What is Culture Shock?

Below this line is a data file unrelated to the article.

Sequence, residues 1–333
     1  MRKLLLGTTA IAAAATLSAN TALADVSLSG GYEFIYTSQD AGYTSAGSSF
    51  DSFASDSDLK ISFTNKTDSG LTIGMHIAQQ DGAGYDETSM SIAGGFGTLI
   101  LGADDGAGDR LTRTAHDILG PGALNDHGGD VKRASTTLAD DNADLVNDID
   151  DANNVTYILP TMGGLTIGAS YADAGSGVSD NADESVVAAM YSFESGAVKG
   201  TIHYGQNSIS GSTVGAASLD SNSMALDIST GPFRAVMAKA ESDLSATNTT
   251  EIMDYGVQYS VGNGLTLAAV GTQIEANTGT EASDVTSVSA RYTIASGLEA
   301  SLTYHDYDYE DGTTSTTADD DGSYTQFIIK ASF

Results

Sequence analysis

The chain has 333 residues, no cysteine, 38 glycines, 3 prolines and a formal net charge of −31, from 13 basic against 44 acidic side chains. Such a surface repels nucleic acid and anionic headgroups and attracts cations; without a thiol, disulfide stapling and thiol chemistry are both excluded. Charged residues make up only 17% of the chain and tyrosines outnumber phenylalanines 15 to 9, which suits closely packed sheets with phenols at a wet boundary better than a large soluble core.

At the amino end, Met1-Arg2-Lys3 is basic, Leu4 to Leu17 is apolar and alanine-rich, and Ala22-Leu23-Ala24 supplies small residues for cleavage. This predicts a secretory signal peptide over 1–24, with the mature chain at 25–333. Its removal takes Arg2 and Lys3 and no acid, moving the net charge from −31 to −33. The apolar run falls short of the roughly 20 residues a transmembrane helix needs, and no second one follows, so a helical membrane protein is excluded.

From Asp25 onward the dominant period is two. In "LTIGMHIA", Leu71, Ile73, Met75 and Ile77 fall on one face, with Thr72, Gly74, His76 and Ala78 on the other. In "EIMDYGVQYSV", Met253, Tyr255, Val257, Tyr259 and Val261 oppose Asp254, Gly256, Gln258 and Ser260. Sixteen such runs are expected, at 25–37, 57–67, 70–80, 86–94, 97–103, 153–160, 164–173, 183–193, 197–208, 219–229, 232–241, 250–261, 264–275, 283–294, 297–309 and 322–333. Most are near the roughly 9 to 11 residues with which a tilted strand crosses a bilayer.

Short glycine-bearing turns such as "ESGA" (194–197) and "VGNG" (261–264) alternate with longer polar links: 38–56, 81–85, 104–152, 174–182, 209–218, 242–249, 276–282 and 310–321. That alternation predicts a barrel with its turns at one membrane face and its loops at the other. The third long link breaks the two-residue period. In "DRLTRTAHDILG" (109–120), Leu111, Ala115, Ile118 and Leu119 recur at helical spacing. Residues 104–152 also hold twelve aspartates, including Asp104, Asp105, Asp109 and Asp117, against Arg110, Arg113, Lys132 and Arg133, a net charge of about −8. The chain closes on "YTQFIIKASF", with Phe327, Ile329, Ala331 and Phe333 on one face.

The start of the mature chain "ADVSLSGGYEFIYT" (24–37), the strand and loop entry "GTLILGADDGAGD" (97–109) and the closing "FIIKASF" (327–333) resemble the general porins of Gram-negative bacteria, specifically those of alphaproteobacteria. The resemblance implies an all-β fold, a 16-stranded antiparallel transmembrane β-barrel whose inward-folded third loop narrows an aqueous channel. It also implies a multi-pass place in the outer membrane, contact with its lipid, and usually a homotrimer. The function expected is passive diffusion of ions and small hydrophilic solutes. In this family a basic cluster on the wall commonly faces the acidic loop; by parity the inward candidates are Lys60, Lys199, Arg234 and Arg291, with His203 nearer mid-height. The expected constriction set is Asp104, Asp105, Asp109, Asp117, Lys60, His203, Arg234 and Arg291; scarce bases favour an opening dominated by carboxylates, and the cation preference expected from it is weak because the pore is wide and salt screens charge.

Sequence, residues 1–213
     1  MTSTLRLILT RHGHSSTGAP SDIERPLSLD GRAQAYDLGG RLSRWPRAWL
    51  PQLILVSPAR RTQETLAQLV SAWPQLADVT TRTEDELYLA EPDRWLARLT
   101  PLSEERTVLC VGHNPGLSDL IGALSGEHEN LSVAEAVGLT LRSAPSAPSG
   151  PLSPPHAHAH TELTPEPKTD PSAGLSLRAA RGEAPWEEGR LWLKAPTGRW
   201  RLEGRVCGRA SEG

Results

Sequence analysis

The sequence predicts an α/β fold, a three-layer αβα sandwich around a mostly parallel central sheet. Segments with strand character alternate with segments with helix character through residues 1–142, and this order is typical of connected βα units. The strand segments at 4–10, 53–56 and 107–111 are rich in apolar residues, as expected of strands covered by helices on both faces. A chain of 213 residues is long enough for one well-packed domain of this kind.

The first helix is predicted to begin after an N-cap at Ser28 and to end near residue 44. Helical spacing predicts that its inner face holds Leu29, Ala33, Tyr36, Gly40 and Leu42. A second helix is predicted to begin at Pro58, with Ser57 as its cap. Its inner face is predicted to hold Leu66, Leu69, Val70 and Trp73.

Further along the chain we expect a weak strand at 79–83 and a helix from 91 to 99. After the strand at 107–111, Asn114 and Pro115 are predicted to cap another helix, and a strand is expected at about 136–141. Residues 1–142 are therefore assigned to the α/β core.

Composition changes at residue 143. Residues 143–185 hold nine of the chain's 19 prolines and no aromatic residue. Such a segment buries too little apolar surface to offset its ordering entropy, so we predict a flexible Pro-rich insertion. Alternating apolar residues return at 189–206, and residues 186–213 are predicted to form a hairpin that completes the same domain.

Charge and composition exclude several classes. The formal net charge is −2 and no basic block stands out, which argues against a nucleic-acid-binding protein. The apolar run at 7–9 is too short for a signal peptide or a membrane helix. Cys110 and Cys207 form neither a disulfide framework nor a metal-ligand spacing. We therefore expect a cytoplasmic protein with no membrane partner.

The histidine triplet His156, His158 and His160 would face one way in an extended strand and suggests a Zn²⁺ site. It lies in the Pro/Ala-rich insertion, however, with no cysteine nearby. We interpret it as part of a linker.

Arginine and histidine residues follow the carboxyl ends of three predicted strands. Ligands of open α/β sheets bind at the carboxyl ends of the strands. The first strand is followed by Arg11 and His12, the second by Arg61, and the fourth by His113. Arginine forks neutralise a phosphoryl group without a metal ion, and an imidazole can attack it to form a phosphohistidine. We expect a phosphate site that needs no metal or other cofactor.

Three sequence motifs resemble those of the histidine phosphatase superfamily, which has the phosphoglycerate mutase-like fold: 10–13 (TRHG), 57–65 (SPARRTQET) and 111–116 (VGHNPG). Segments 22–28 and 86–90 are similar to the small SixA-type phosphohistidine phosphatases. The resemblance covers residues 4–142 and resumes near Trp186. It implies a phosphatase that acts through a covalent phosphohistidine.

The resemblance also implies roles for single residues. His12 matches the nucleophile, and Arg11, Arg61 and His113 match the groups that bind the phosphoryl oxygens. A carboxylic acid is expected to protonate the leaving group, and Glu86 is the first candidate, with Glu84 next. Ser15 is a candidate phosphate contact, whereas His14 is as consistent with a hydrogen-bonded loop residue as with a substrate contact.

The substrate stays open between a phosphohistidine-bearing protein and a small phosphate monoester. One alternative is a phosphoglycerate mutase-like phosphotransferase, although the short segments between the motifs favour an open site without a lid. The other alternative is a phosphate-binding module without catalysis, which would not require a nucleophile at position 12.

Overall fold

I would best describe Culture Shock as a roller coaster ride- fun and exciting, yet a little scary and daunting. It happens from Country to Country, from state to state, city to city and within neighborhoods. Not everybody experiences it in the exact same way. Culture Shock occurs when one enters an unfamiliar place where cultural traits, social norms, beliefs and customs may not be in line with what they are familiar with. Wikipedia best describes Culture Shock in four phases; the Honeymoon, Negotiation, Adjustment and the Mastery Phase, and I've experienced them all firsthand and can attest to their importance from an Anthropological standpoint. My “Honeymoon stage” from the moment I stepped on the plane right up to the moment we touched ground in Kennedy Airport . I knew I was in for a surprise and was excited about the unlimited opportunities which awaited me in the USA. Immediately I was in awe of the way that people lived with their big houses and beautiful homes. Strangers that I met immediately loved my accent and although I spoke English it wasn't American English and that was hard sometimes for them to understand me. I worked as a nanny for a family and they had a hard time understanding my vocabulary for many things. For example, “a Tap” for me is something that water comes out of instead of “a Faucet”. Everything seemed fun and new to me, but then after a few weeks I realized that there's a huge difference between the two cultures, and I started noticing things I did not notice before. I started having a hard time with some things that were an everyday norm for people native to the USA. For instance, every Sunday back in South Africa we had a big lunch with my family. My first Sunday here I walked downstairs just to discover that people here don't do Sunday lunches and my employer told me that that was more of a Thanksgiving tradition. I looked at her like she was from another planet and soon discovered that I am not...
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